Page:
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By Steeve Huin, CMO, Irdeto
Connected medical devices, an integral part of the Internet of Medical Things (IoMT), continue to evolve at a rapid pace. In fact, Mordor Intelligence quantified the medtech market size at just over US$28 billion in 2020, and estimates it to grow by almost 19% each year to $94.32 billion in the next five years. While such projections are sure to delight medical device manufacturers, digital and mobile health companies and telehealth providers, this positive financial outlook is disrupted by the reality that connected medical devices are increasingly the target of cyberattacks.
The transition from traditional to connected healthcare is challenging security professionals worldwide. The number of observed cyberattacks on Internet of Things (IoT) devices rose by 300% in 2019 alone, and it’s estimated that 50 billion medical devices will be connected to clinical systems over the next decade, reaffirming the opportunity for hackers in the IoMT market. When a cyberattack is successful, patients and their healthcare providers become vulnerable to care disruption, identity theft, and financial fraud, among other types of criminal activity.
Stealing health records is a lucrative business for cyber criminals; they can be sold on the dark web for upwards of $1,200 per record, which is up to 200 times more valuable than financial records. This makes health records the most valuable personal identifiable information (PII) asset being traded by cyber criminals. Simply put, no other type of record currently provides as comprehensive and complete a picture of a person’s background and identity than a health record. And once a record is obtained, cyber criminals can harvest the sensitive information for personal financial gain by selling it to forgers, human traffickers, terror organizations, hostile countries, drug cartels, and other criminal elements.
Majority of medtech execs not prepared for cyberattack
Regulation in most countries puts a steep price on healthcare organizations that are compromised by cyberattack. For example in the United States, a breach of HIPAA enforced by the Department of Health and Human Services’ Office for Civil Right (OCR) can have severe consequences; the average financial penalty for a breach in 2019 was close to $1.2 million.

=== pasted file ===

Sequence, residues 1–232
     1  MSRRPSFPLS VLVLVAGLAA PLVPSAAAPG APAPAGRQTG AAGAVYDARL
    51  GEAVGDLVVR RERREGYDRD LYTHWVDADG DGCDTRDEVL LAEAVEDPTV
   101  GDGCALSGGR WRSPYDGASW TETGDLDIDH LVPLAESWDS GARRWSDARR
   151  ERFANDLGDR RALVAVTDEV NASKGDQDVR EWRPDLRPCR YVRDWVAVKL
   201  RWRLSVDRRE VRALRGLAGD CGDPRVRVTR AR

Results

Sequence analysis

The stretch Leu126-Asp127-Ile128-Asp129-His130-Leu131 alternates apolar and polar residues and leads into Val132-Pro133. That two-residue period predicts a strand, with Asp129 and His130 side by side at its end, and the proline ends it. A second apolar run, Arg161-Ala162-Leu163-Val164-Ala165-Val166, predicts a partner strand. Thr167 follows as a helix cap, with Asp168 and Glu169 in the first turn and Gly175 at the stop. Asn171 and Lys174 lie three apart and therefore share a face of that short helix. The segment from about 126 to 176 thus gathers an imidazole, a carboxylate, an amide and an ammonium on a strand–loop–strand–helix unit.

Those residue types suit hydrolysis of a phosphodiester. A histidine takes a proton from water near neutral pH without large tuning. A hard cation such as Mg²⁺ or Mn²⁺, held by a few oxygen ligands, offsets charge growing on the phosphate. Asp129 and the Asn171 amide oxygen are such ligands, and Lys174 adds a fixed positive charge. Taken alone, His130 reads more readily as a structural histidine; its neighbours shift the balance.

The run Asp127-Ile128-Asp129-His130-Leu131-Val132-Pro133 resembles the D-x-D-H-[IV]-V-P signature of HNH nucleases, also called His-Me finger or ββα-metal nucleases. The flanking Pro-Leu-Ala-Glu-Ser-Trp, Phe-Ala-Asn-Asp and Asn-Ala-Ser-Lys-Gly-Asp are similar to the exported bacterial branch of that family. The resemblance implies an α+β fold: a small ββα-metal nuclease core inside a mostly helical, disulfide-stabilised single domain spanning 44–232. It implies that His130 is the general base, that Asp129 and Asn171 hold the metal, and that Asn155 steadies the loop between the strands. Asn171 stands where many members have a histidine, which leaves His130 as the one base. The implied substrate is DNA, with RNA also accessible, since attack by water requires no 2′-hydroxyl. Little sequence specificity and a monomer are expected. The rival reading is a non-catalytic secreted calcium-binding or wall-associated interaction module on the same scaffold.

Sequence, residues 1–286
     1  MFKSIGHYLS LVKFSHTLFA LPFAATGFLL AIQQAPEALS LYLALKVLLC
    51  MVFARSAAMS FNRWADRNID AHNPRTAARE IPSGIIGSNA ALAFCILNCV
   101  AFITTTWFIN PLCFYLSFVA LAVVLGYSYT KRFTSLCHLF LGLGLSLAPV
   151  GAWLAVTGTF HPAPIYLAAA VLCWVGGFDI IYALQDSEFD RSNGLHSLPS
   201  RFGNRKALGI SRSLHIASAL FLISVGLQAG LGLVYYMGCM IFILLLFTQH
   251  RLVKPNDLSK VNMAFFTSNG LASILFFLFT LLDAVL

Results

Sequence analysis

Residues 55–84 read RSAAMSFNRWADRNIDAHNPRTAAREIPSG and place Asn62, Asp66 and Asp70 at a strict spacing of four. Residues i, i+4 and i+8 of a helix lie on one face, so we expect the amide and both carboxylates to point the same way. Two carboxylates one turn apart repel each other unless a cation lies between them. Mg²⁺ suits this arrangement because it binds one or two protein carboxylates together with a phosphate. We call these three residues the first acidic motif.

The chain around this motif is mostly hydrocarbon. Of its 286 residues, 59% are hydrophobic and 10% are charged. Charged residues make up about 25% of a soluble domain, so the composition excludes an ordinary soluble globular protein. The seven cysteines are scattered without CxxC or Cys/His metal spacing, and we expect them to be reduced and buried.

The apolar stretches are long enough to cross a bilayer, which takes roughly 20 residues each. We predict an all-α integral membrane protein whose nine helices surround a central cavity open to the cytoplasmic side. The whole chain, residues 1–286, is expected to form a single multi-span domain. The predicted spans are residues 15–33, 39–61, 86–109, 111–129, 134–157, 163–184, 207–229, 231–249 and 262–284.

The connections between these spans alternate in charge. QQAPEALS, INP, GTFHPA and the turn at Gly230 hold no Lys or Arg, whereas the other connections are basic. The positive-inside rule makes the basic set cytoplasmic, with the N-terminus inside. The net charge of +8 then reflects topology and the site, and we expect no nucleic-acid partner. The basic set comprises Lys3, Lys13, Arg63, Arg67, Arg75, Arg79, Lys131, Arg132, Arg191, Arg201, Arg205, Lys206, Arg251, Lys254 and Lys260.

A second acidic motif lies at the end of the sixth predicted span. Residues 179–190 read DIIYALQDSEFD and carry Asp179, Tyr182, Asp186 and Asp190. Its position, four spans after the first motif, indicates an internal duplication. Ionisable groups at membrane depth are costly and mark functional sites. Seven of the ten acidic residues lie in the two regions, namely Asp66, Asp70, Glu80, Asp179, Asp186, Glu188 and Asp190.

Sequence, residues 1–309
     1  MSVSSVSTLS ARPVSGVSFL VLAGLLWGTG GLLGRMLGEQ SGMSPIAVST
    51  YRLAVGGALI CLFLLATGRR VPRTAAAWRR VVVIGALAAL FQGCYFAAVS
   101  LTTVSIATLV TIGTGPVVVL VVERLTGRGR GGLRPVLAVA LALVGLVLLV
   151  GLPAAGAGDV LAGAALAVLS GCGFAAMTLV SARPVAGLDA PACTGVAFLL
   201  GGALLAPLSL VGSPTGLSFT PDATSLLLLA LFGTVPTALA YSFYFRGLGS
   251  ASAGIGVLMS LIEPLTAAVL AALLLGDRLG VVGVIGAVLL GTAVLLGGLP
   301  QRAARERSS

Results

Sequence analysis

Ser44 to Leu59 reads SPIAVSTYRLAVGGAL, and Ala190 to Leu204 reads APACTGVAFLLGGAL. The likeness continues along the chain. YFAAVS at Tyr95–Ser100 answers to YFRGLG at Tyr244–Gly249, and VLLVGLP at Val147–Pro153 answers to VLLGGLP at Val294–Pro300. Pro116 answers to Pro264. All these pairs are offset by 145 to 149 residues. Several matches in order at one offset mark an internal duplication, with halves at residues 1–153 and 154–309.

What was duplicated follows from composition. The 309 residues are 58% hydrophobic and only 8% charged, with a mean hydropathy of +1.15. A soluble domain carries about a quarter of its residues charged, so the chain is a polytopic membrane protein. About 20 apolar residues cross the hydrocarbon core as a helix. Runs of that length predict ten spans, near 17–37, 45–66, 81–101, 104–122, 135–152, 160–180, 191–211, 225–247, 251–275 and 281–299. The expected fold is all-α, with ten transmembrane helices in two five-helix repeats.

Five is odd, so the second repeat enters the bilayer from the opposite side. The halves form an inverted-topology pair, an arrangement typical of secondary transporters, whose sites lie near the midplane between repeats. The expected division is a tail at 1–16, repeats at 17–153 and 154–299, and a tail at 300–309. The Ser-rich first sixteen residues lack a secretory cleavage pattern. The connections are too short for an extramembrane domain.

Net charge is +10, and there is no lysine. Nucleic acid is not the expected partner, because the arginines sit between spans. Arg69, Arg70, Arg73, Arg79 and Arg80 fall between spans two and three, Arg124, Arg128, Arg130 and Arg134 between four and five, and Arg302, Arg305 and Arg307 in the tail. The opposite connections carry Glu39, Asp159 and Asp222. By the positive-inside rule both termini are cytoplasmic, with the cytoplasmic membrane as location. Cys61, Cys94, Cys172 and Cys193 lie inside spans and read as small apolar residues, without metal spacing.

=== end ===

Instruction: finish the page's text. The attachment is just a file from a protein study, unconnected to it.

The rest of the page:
Yet the fear of hefty fines doesn’t appear to be enough motivation for the IoMT industry to become more proactive about cybersecurity. Irdeto recently partnered with Censuswide and Guidepoint Global to conduct a quantitative and qualitative survey of senior executives at Fortune 1000-sized U.S.-based companies within various IoMT fields to better understand the state of cybersecurity in the market. Specifically, we aimed to learn how both senior-level corporate executives (including CEOs and CIOs) and product leaders (VPs of engineering, VPs of Product, etc.) perceive their existing cybersecurity policies and processes as related to risk mitigation and regulatory compliance.
The survey asked questions about existing cybersecurity policies and processes, their hopes and fears for connected health – from compromised health data to direct attacks on the patient – and potential solutions to the growing vulnerabilities, risks and threats.
While many of the results were astonishing, there was one particular result that stood out. That is, only 13% of IoMT leaders believe their business is very prepared to mitigate future risks, while 70% believe that they are only somewhat prepared at best. Remarkably, about one fifth (17%) stated that their firm was not prepared at all.
The survey also revealed that 80% of survey participants report having suffered at least one cyberattack in the past five years, and it is all but certain that they face at least dozens of additional threats on a daily basis. The breadth of attacks targeting IoMT companies is also problematic. Our survey revealed that organizations have fallen victim to several attack techniques, including ransomware, malware, phishing, spoofing and DDoS, with customer databases, employee information and even R&D platforms being exploited.